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BPEA Article

Making Sense of the Subprime Crisis

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Should market participants have anticipated the large increase
in home foreclosures in 2007 and 2008? Most of these foreclosures stemmed
from mortgage loans originated in 2005 and 2006, raising suspicions that
lenders originated many extremely risky loans during this period. We show
that although these loans did carry extra risk factors, particularly increased
leverage, reduced underwriting standards alone cannot explain the dramatic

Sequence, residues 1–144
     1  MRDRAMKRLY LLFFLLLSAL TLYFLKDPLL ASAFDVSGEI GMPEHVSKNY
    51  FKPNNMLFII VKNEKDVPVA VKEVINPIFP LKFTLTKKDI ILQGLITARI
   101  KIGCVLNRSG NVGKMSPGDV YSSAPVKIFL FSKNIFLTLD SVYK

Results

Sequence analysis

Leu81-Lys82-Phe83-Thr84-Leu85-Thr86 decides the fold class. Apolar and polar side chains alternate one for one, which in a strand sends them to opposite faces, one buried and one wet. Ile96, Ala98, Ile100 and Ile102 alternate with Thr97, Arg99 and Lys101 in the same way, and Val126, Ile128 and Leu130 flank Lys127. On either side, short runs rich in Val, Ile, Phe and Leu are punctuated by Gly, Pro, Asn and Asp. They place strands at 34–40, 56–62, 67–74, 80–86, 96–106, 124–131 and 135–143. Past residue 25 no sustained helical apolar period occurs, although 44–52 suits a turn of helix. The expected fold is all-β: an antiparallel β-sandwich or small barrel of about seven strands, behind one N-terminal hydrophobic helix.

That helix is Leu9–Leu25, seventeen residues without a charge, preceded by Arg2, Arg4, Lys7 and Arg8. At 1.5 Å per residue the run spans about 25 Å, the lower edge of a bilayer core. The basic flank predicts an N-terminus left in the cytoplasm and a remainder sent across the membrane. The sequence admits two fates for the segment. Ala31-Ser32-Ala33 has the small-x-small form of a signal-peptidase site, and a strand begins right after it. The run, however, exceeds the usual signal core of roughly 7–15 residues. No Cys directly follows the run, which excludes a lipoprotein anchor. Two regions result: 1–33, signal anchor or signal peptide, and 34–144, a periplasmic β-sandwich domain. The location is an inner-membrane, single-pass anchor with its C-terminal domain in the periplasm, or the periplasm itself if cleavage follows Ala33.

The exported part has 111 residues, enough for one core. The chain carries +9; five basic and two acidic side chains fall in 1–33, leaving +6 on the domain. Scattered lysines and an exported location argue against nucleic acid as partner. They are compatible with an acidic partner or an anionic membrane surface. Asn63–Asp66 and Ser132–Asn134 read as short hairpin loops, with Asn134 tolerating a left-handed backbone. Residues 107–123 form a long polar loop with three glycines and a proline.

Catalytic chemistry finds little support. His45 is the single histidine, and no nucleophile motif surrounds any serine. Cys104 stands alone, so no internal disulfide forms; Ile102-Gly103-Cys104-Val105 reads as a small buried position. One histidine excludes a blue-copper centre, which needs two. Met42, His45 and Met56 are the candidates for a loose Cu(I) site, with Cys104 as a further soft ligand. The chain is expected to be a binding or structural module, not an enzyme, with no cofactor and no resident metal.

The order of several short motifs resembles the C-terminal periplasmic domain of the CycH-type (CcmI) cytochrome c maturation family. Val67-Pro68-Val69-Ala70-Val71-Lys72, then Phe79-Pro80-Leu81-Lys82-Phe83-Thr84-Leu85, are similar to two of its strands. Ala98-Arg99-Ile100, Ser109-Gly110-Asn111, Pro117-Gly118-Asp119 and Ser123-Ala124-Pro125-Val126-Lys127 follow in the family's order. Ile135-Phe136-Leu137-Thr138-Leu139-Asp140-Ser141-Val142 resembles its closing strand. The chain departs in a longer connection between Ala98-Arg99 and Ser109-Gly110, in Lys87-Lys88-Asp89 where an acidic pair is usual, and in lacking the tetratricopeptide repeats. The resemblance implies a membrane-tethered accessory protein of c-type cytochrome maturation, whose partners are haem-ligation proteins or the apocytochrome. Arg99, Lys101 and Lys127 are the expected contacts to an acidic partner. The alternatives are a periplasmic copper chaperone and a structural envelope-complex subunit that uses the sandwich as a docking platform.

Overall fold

rise in foreclosures. We also investigate whether market participants underestimated
the likelihood of a fall in home prices or the sensitivity of foreclosures
to falling prices. We show that given available data, they should
have understood that a significant price drop would raise foreclosures sharply,
although loan-level (as opposed to ownership-level) models would have predicted
a smaller rise than occurred. Analyst reports and other contemporary
discussions reveal that analysts generally understood that falling prices would
have disastrous consequences but assigned that outcome a low probability.

Paul Willen

Senior Economist and Policy Advisor - Federal Reserve Bank of Boston


Deborah Lucas

Sloan Distinguished Professor of Finance - MIT Sloan School of Management

Director - MIT Golub Center for Finance and Policy

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